Hollywood Trademark Attorney Explains New Top Level Domain Names
Aug 4, 2011
Los Angeles, CA (Law Firm Newswire) August 3, 2011 – The Internet Corporation for Assigned Names and Numbers will begin to accept new Internet domain name endings early next year, but businesses need to start preparing now to establish and authenticate their brand top-level domain names. ICANN issued new guidelines in late June that will vastly increase Internet domain name endings, also known as generic top-level domains (gTLDs), from 22 endings such as .com, .net, and .org to potentially hundreds of new variations. The change is in response to the global marketplace and ICANN’s objective to promote free speech.
The new gTLDs involve application fees of $185,000 and are most likely going to be desired by companies who want to take control of their brand and seek financial and investment opportunities should their gTLD be in high demand. Big brands such as Canon and Hitachi are already working on their .Canon and .Hitachi gTLD, for example. Business owners will have to decide if they want to be an ICANN qualified registrar or have a third party run their brand’s gTLD to comply with ICANN’s guidelines.
“The new gTLDs allow businesses to make their domain names as inclusive or exclusive as they see fit,” said Los Angeles business attorney and Los Angeles trademark attorney Anthony Spotora, of the Law Offices of Spotora & Associates. “The top level domain can be a source of business and income as a company can create second level registrations and agreements with suppliers, distributors, and other partners who fit with the brand.”
But along with the race to get control of a new top level domain name are many legal implications. Companies will want legal counsel to monitor that unauthorized use of their name and brand does not make it into the new registry. From counterfeit goods and services to competitors applying for their opponent’s domain name – even at the hefty price tag – legal counsel is a must to protect a company’s livelihood.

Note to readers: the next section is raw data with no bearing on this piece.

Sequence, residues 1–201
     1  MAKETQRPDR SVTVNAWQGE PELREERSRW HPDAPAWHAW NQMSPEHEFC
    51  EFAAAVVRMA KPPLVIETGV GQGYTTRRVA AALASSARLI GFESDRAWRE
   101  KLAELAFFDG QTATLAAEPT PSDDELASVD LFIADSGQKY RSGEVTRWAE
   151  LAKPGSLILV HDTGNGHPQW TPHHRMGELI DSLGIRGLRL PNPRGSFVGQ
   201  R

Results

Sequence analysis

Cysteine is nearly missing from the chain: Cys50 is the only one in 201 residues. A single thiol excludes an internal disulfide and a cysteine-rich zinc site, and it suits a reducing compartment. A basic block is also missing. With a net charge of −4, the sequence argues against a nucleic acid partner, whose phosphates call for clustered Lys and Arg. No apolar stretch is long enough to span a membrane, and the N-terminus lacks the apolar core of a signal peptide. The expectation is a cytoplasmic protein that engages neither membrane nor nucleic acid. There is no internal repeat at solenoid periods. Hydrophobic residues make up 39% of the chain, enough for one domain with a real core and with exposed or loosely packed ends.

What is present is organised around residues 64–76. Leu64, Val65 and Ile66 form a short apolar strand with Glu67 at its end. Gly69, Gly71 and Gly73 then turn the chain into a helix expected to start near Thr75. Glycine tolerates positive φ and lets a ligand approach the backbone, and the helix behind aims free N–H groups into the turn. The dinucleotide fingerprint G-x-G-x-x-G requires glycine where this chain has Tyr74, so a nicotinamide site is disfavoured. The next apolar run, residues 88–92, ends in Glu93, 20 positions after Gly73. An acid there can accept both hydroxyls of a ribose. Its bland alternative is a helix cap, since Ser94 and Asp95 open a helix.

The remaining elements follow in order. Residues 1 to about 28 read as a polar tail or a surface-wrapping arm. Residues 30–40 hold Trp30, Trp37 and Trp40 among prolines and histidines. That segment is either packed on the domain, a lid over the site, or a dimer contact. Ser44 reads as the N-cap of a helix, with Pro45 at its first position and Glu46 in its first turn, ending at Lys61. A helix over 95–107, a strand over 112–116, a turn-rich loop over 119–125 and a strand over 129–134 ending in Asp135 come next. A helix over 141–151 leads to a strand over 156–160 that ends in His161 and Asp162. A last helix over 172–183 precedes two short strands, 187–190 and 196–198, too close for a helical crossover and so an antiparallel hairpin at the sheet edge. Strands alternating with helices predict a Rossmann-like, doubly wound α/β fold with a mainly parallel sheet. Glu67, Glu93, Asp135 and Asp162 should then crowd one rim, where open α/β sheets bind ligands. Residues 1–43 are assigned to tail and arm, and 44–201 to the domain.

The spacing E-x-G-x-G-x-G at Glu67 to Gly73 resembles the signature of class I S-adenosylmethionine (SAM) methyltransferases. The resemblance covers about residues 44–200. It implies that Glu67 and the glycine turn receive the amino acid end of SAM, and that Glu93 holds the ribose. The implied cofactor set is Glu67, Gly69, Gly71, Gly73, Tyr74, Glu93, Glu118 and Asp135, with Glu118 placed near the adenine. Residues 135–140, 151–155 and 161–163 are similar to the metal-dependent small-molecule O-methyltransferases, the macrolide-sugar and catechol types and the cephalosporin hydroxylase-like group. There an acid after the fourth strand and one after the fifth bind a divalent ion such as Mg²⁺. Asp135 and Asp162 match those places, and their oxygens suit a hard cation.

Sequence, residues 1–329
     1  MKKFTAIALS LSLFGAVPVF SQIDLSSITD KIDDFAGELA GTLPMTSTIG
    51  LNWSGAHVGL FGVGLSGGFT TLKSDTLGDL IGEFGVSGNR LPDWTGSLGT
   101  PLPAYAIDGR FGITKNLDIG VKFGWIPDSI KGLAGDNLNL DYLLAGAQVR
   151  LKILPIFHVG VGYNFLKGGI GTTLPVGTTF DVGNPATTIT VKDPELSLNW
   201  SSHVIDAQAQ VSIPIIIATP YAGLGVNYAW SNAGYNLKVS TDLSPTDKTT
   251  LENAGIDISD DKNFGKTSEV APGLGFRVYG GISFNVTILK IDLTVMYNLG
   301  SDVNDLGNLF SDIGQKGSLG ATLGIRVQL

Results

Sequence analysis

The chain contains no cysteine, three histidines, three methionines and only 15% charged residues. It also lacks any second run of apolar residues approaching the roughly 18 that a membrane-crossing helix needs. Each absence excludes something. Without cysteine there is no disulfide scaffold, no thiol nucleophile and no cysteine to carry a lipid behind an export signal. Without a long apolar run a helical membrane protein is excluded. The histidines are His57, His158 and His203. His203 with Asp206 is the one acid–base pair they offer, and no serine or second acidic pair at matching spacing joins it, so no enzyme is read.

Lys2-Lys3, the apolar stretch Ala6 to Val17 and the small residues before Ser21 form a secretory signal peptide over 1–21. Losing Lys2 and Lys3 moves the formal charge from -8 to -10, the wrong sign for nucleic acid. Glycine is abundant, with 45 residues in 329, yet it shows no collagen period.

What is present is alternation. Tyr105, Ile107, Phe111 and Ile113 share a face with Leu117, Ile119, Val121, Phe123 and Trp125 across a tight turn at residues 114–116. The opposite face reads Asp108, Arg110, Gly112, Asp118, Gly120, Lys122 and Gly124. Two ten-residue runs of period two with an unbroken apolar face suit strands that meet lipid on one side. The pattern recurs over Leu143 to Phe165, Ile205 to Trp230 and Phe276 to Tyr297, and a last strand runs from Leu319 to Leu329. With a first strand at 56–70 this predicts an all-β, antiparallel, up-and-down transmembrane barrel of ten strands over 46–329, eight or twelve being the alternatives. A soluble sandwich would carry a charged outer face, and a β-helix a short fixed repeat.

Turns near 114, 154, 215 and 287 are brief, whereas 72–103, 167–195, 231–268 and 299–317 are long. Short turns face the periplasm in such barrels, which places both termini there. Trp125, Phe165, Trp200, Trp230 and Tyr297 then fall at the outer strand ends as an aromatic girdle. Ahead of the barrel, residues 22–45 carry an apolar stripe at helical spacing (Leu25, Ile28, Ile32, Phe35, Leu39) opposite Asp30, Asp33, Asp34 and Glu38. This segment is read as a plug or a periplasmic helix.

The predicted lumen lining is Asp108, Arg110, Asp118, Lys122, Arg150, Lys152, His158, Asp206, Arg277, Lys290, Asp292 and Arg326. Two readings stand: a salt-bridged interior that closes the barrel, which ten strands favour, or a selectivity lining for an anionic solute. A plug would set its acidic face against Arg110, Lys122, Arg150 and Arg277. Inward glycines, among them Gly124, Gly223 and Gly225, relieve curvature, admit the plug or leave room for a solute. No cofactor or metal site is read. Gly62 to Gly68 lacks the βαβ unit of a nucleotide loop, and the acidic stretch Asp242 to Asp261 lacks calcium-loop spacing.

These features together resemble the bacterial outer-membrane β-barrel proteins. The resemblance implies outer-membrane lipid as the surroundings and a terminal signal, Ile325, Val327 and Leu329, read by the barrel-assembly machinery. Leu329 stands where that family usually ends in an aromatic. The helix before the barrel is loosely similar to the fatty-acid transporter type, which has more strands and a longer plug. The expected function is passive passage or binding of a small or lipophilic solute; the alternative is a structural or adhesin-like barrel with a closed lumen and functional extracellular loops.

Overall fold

The ICANN applicant guidebook does have three trademark rights protection measures for businesses, regardless of whether they do or do not apply for the new gTLDs. A notice is made during the Sunrise period of registration at the Trademark Clearinghouse and there is an Intellectual Property Claims Notification service in the first two months after a new gTLD launches. There is also a new Uniform Rapid Suspension dispute resolution procedure where a business owner can obtain a suspension if they can prove the bad faith use of the mark and registration.
“A qualified trademark attorney is essential to register, protect, and maintain a businesses brand and identity with these new guidelines,” said Spotora.
The Law Offices of Spotora & Associates, P.C. has decades of experience guiding companies with their trademark, intellectual property, and important legal business matters. Their senior level attorneys are accomplished at making complex legal issues less stressful for companies. From national and multinational companies to entertainment-focused businesses, Spotora & Associates can confidently take on all of their client’s legal needs.
Law Offices of Spotora & Associates, P.C.
1801 Century Park East, 24th Floor
Los Angeles, California 90067-2302
Call: (310) 556.9641